Life & StyleTravel

Egypt looks to India to boost struggling tourism market

As the country’s tourism sector strives to get back on its feet following the popular uprising that led to Hosni Mubarak’s downfall last year, the Egyptian Tourism Authority is planning to kick off a major promotional campaign in India this March.

“The number of Indians visiting Egypt has declined sharply compared to other nationalities. The Indian itinerary is mainly based on Cairo and Alexandria sightseeing,” Doaa Fathy, the head of the Indian Department at Travco Travel, tells Egypt Independent. She said Egypt lost around 55 to 60 percent of Indian tourists in 2011.

In the wake of the 18-day uprising that deposed Mubarak, about 10 million tourists visited Egypt in 2011, approximately 32 percent less than in 2010. Tourism makes up 13.5 percent of the national income and forms the backbone of foreign exchange earnings, Tourism Minister Mounir Fakhry Abdel Nour told Al-Masry Al-Youm in December.

The Egyptian Public Authority for Tourism Promotion, in cooperation with a number of tourism and travel agencies, is launching an Egyptian tourism campaign in India next month, aiming to branch out into new markets and raise the awareness of Indian citizens regarding the various destinations Egypt has to offer.

“We want to change the misconception that Egypt’s tourism attractions are restricted to Pharaonic civilization. Besides cultural tourism, the country features the charming beaches of Sharm el-Sheikh and Hurghada that should be known to Indians,” says Moatz Sedky, Travco Travel’s deputy general manager of tourism operations.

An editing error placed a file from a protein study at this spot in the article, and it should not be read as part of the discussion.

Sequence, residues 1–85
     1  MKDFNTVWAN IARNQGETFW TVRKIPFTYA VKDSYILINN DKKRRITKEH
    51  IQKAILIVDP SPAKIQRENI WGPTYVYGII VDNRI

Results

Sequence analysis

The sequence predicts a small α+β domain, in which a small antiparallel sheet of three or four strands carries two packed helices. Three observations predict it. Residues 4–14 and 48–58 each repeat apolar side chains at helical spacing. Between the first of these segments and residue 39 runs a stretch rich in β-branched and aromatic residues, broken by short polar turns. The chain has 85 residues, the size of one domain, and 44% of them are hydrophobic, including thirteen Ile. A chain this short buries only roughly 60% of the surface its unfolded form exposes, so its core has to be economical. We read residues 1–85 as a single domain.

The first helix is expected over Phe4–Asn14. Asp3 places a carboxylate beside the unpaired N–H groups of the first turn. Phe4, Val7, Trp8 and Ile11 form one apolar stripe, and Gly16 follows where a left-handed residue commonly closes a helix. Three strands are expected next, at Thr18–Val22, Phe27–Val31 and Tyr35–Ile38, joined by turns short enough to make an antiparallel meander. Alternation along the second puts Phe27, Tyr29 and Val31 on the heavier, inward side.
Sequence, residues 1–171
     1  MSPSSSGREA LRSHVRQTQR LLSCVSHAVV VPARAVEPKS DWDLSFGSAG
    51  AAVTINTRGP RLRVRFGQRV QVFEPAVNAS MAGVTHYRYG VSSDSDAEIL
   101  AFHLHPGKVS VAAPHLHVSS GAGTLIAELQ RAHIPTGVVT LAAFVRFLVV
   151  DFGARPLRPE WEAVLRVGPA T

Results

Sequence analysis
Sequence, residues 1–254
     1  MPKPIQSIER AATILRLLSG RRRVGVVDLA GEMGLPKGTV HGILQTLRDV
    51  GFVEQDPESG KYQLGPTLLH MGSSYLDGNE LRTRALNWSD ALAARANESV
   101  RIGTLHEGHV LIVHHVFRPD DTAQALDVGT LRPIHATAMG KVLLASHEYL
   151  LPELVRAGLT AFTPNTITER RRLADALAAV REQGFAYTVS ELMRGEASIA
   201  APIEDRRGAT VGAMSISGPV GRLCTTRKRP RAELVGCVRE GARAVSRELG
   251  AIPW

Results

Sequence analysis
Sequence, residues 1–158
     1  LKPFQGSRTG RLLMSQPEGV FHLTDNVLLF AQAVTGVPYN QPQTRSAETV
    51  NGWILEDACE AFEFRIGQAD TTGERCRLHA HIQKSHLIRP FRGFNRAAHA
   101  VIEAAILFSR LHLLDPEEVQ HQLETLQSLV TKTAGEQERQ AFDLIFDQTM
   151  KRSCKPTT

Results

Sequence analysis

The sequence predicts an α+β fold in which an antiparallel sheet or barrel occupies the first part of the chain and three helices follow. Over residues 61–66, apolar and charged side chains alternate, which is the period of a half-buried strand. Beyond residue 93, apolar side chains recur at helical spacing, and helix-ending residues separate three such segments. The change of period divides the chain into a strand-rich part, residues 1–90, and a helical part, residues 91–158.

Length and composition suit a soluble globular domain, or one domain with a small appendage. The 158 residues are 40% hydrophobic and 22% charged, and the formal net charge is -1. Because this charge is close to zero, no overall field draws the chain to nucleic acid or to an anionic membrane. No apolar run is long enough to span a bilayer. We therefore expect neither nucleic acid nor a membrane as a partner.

The campaign has an extensive agenda, comprising exhibitions, folklore shows and presentations on the country’s best hotels and resorts, and covering Luxor, Aswan, the Mediterranean and the Red Sea.

Among the campaign’s goals is changing the shocking image of Egypt presented in the media, which pushes tourists to stay away.  

“The media’s focus on violent incidents that have been lately taking place in Egypt depicts the country as unsafe destination,” Fathy says. “However, the unrest is limited to Tahrir Square and does not reach Red Sea resort areas.”

Sedky, who is one of the campaign’s representatives, explains that a large group of experienced and well-known Indian travel writers and journalists were invited to attend all the events, believing this is the most effective way to reach the largest base of clients in India.

“Indians spend 10-15 percent of their income on reading. So, if readers find impressive reviews about the country written by trusted sources, this will surely attract millions to our country,” he says.

The government has doubled its tourism promotional budget for India to US$1 million in 2011, according to Sedky.

EgyptAir is discussing with Indian authorities the launch of direct flights to Delhi from Cairo to boost tourism, said Nabila Mahmoud, a sales officer at EgyptAir.

The country’s national carrier operates three flights to Mumbai every week on Saturdays, Mondays and Wednesdays.

When asked about the expected impact of the campaign, Sedky says that South Asia has a lot of potential, but the effect of the marketing campaign will not be apparent for some time.  

“We are expecting a dramatic rise in tourist inflow following greater political stability in the near future,” he says.

The campaign will tour Mumbai, Delhi and Bangalore, but the exact launch date is not yet set. 

Related Articles

Back to top button